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asked Upper bound on the number of convex connected components of the complement of the zero set of a polynomial
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Sep
29
comment Time-separation function on “globally hyperbolic” spacetimes with everywhere timelike boundary
Hence, one has to see if the available results on causality for continuous and / or $C^1$ metrics suffice to yield a characterization of maximal causal curves on the double, and use reflection across the boundary to complete the job.
Sep
29
comment Time-separation function on “globally hyperbolic” spacetimes with everywhere timelike boundary
I believe the loss of causal convexity in the double is not such a big deal, though. If you have a (say, locally Lipschitz) causal curve in the double linking two points of the original manifold, you can reflect back the pieces in the other half. The result, it seems to me, is another locally Lipschitz curve (probably with more breaks) with the same Lorentzian arc length since reflection across the boundary in the double is an isometry. The big problem is really the lack of regularity of the double's metric across the boundary.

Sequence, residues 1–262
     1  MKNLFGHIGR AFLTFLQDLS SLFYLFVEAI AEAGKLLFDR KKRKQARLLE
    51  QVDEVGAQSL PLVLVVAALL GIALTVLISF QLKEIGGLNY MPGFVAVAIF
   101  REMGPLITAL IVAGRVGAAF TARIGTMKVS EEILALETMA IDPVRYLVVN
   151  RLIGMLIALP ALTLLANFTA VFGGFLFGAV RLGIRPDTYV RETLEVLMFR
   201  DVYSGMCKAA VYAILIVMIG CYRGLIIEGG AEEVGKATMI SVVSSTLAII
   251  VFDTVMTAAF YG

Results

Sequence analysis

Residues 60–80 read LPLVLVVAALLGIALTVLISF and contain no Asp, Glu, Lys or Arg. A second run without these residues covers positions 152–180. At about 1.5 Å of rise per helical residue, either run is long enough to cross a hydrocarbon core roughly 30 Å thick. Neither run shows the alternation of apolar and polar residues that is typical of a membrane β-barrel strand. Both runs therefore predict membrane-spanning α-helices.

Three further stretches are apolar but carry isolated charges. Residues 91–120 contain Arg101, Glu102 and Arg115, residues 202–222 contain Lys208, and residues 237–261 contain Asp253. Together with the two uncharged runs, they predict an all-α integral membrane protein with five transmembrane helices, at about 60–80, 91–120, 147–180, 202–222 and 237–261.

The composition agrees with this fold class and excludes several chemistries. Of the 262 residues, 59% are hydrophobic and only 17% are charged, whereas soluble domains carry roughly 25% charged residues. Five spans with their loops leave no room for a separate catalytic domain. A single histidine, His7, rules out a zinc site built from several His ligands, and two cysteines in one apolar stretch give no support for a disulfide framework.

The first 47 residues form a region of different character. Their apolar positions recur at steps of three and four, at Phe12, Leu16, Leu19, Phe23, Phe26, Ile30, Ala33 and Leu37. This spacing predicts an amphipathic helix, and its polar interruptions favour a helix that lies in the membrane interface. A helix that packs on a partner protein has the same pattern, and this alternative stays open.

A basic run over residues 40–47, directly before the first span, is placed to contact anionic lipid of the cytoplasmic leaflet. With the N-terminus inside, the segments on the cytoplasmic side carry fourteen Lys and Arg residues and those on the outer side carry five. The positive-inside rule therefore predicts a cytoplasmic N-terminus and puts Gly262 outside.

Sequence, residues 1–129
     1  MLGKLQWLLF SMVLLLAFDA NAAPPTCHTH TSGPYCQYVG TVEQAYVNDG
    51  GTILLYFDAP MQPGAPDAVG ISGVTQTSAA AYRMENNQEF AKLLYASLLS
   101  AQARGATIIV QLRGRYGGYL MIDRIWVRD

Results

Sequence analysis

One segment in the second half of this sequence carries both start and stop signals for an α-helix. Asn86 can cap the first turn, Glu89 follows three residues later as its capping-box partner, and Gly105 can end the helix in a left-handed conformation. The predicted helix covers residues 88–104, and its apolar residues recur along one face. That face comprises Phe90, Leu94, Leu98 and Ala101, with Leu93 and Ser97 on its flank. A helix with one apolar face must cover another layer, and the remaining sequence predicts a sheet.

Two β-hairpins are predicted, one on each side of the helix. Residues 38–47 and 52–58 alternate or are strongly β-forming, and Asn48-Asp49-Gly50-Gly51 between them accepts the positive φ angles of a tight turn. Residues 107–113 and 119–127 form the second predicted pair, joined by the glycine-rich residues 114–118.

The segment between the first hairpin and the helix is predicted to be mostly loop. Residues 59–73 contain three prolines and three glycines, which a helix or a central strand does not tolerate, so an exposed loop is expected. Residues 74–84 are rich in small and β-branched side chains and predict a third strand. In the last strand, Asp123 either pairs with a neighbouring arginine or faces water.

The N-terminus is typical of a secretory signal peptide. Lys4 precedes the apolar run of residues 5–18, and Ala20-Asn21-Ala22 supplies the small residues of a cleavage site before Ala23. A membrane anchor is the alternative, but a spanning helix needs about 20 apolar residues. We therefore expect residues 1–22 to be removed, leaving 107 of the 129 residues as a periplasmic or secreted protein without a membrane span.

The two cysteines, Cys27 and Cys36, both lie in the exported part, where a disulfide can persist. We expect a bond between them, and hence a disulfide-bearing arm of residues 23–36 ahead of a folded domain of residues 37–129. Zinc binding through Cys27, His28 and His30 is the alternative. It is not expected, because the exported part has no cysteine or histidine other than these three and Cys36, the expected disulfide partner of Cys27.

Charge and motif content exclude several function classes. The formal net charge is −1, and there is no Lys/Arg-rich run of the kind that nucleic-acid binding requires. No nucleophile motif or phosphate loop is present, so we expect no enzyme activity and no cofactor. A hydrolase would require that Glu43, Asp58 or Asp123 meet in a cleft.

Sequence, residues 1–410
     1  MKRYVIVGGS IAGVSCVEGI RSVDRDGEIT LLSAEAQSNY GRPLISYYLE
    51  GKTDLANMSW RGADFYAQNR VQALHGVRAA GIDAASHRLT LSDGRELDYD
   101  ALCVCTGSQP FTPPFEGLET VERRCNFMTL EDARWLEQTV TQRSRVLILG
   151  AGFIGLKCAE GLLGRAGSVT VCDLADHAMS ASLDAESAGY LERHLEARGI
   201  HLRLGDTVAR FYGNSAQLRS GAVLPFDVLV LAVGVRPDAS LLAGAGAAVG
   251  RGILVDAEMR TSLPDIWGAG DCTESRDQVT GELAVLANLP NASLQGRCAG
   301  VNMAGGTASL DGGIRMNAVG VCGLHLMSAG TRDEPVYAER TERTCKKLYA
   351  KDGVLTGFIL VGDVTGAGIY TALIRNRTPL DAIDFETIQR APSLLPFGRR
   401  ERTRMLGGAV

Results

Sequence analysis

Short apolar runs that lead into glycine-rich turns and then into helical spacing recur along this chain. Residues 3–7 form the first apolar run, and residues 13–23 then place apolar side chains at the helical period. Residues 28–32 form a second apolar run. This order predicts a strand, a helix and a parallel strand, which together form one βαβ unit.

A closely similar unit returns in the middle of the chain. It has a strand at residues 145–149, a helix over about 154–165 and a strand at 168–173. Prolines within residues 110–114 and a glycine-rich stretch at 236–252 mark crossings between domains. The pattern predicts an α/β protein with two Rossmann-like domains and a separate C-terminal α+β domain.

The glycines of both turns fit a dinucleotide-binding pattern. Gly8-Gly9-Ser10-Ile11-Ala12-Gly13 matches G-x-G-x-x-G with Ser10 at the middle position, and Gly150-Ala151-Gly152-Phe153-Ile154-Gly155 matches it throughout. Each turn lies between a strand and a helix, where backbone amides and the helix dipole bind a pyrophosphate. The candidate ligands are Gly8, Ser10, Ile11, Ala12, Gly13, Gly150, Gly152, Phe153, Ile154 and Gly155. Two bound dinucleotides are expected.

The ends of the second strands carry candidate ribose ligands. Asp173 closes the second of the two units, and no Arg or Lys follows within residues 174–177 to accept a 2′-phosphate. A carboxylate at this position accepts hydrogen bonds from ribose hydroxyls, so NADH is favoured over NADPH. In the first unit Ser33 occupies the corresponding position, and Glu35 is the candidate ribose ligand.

Sep
29
comment Time-separation function on “globally hyperbolic” spacetimes with everywhere timelike boundary